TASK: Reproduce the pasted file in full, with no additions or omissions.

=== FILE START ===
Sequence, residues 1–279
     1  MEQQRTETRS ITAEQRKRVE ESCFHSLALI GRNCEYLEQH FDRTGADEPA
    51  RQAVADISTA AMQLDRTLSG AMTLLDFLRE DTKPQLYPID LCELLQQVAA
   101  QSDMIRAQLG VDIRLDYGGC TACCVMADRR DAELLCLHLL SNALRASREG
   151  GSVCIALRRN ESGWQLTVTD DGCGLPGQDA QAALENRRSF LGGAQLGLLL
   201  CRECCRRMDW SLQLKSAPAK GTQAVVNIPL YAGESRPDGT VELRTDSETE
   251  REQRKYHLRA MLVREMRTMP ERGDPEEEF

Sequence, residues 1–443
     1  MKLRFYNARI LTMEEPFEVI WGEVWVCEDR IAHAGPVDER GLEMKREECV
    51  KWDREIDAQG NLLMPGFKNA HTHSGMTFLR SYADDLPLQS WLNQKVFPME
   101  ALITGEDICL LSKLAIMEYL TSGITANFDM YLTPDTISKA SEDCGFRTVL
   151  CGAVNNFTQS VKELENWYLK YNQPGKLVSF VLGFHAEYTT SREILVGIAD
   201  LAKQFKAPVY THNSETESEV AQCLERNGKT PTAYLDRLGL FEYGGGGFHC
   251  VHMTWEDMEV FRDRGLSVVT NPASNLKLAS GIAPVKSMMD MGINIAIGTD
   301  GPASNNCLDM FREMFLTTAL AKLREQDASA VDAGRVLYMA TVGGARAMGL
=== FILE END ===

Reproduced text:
Sequence, residues 1–279
     1  MEQQRTETRS ITAEQRKRVE ESCFHSLALI GRNCEYLEQH FDRTGADEPA
    51  RQAVADISTA AMQLDRTLSG AMTLLDFLRE DTKPQLYPID LCELLQQVAA
   101  QSDMIRAQLG VDIRLDYGGC TACCVMADRR DAELLCLHLL SNALRASREG
   151  GSVCIALRRN ESGWQLTVTD DGCGLPGQDA QAALENRRSF LGGAQLGLLL
   201  CRECCRRMDW SLQLKSAPAK GTQAVVNIPL YAGESRPDGT VELRTDSETE
   251  REQRKYHLRA MLVREMRTMP ERGDPEEEF

Sequence, residues 1–443
     1  MKLRFYNARI LTMEEPFEVI WGEVWVCEDR IAHAGPVDER GLEMKREECV
    51  KWDREIDAQG NLLMPGFKNA HTHSGMTFLR SYADDLPLQS WLNQKVFPME
   101  ALITGEDICL LSKLAIMEYL TSGITANFDM YLTPDTISKA SEDCGFRTVL
   151  CGAVNNFTQS VKELENWYLK YNQPGKLVSF VLGFHAEYTT SREILVGIAD
   201  LAKQFKAPVY THNSETESEV AQCLERNGKT PTAYLDRLGL FEYGGGGFHC
   251  VHMTWEDMEV FRDRGLSVVT NPASNLKLAS GIAPVKSMMD MGINIAIGTD
   301  GPASNNCLDM FREMFLTTAL AKLREQDASA VDAGRVLYMA TVGGARAMGL